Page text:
Adjustable dumbbells started getting popular when people realised that having dozens of different dumbbells took up a lot of space. The more increments, the more space needed. Thus, people started innovating new ways to make a dumbbell change its resistance and weight.
Early iterations included spring grips, globe dumbbells, and eventually chrome plates and so on. Adjustable dumbbells have been refined constantly over time, optimised for home-use and now they are one of the best additions for your home-gym.
There are three main things you should look out for when picking and choosing your adjustable dumbbells:
- Minimum and maximum weights
Incrementation is important as it affects the kinds of exercises you can do. In building stamina and endurance, you want to do more reps with lighter weights. While with strength training, you need heavier weights. However, you also need to evaluate your ability to lift and what you’re comfortable with.
If a dumbbell does not have appropriate weights or doesn’t increase to match your strength, then they might not be the right one for you. Remember to check the increments beforehand so you can make the most out of it!
When it comes to an adjustable dumbbell’s incrementation, most of them will add up linearly. For instance, our compact adjustable dumbbells increase either by 2kg or 4kg. This means:
For 2kg increments: 2kg (as the base weight) > 4kg > 6kg > 8kg > 10kg > 12kg > 14kg> 16kg > 18kg > 20kg > 22kg > 24kg > 26kg > 28kg > 30kg > 32kg.
For the 4kg increments: 2kg (as the base weight) > 6kg > 10kg > 14kg > 18kg > 22kg > 26kg > 30kg > 34kg.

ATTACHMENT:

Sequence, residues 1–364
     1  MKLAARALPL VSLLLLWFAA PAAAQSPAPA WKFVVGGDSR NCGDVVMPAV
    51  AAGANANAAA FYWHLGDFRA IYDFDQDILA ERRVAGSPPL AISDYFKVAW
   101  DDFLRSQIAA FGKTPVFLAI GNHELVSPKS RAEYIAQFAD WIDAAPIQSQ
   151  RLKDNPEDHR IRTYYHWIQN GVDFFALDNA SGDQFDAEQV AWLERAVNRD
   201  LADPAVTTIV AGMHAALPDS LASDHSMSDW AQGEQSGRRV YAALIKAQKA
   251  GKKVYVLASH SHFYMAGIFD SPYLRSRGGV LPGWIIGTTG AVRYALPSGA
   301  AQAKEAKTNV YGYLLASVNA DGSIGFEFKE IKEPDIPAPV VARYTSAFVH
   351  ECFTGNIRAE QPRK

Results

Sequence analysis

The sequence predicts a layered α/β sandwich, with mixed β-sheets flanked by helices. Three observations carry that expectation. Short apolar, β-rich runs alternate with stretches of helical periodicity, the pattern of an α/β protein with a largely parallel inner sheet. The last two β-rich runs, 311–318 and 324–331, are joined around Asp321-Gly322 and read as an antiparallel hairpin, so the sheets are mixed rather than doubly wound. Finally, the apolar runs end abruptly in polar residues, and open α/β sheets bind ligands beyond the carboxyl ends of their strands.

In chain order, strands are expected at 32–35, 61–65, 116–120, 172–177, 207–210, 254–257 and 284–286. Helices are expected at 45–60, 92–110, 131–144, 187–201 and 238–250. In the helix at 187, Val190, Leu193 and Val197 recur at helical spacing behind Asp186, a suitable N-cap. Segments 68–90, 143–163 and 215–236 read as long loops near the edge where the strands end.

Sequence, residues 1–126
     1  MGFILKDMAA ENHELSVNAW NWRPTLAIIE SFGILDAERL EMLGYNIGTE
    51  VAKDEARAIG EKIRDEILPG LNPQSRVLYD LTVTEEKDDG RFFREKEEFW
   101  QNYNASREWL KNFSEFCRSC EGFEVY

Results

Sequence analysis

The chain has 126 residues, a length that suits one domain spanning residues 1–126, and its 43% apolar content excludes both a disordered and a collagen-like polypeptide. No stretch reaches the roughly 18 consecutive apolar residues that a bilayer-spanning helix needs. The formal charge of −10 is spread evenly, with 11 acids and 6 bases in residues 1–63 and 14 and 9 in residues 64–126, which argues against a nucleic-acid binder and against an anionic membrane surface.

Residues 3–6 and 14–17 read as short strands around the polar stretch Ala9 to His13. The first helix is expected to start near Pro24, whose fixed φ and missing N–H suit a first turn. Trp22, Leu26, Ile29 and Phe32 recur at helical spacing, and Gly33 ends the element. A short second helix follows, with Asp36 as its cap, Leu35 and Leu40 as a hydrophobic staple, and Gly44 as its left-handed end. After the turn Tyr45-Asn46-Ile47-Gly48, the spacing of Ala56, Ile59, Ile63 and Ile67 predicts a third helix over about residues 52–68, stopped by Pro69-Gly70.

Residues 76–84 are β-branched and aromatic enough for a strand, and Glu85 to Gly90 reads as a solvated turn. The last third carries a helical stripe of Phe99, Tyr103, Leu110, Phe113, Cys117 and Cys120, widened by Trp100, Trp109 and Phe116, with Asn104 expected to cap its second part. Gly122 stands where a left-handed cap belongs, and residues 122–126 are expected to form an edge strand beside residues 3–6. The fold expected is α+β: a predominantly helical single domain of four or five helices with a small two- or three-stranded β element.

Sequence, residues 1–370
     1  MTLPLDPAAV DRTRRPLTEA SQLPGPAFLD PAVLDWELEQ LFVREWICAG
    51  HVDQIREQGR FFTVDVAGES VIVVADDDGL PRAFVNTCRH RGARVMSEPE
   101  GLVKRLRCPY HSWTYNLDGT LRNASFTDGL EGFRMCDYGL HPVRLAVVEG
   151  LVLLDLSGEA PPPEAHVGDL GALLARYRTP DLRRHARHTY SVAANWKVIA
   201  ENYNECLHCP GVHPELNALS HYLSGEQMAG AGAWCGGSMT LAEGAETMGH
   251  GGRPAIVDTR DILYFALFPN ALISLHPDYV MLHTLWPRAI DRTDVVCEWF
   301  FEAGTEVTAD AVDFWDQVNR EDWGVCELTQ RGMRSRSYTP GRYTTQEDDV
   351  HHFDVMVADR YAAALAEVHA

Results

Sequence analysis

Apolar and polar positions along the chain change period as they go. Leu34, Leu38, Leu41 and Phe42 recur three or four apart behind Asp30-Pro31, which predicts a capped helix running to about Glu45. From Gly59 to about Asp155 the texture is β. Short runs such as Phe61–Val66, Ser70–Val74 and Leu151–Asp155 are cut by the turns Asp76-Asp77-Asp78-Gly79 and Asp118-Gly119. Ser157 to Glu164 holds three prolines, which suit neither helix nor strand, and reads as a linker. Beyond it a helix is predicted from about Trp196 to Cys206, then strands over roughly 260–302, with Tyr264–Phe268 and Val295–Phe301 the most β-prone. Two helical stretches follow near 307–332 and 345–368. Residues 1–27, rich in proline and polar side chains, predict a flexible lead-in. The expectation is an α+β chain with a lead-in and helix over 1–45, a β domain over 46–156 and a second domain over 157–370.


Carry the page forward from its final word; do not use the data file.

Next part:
Meanwhile, the common 24kg adjustable dumbbell has a unique pattern:
2.5kg (handle only) > 3.5kg > 4.5kg > 5.5kg > 6.5kg > 8kg > 9kg > 10kg > 11.5kg > 13.5kg > 16kg > 18kg > 20.5kg > 22.5kg > 24kg.
Please note that these are only examples and different adjustable dumbbells may follow other patterns .
Another thing to watch out for is how they increment. For some dumbbells, you have to twist the dial and for some you have to twist the handle. A few may even need you to attach some plates.
LIGHTEST AND HEAVIEST WEIGHTS
Additionally, you would also want to know how heavy or light the dumbbell can get. For some, you may never find the need to use the highest weight. Most people will not need to lift 64kg or 80kg dumbbells every day.
However, if you want a dumbbell to be 30 to 40kgs each, then it will require some space. Some adjustable dumbbells also come with their own stands. While these stands and supporting equipments are necessary to keep your dumbbells safe when not in use, they will consume more space in your home-gym.
Overall, an adjustable dumbbell can be identified by how much it can gain and lose. This information is usually readily available but it is important to check each variation you are considering. Few dumbbells may come with accessories or require attachments to ensure they work correctly.
One of the most essential factor for an adjustable dumbbell is its quality. Unlike fixed weight dumbbells, adjustable dumbbells have a lot of moving parts. There’s process to change weights which are often fine and cannot be jolted too heavily.
Remember, Do not slam your adjustable dumbbells on the floor!
If the quality is poor, you may experience issues like jams or broken parts which can lead to injuries. You don't want to be carrying a heavy dumbbell that snaps and falls on your foot. While these issues can happen with any adjustable dumbbell, it is safe to buy the highest quality equipment.
You will also need to balance your budget. Adjustable dumbbells can be expensive, both depending on the quality, and the heaviest/lightest weight, so make sure to do the necessary research before buying.
It would be good to start with checking the warranty and reviews. You can also visit your local gym and see if they have any dumbbells for sale.
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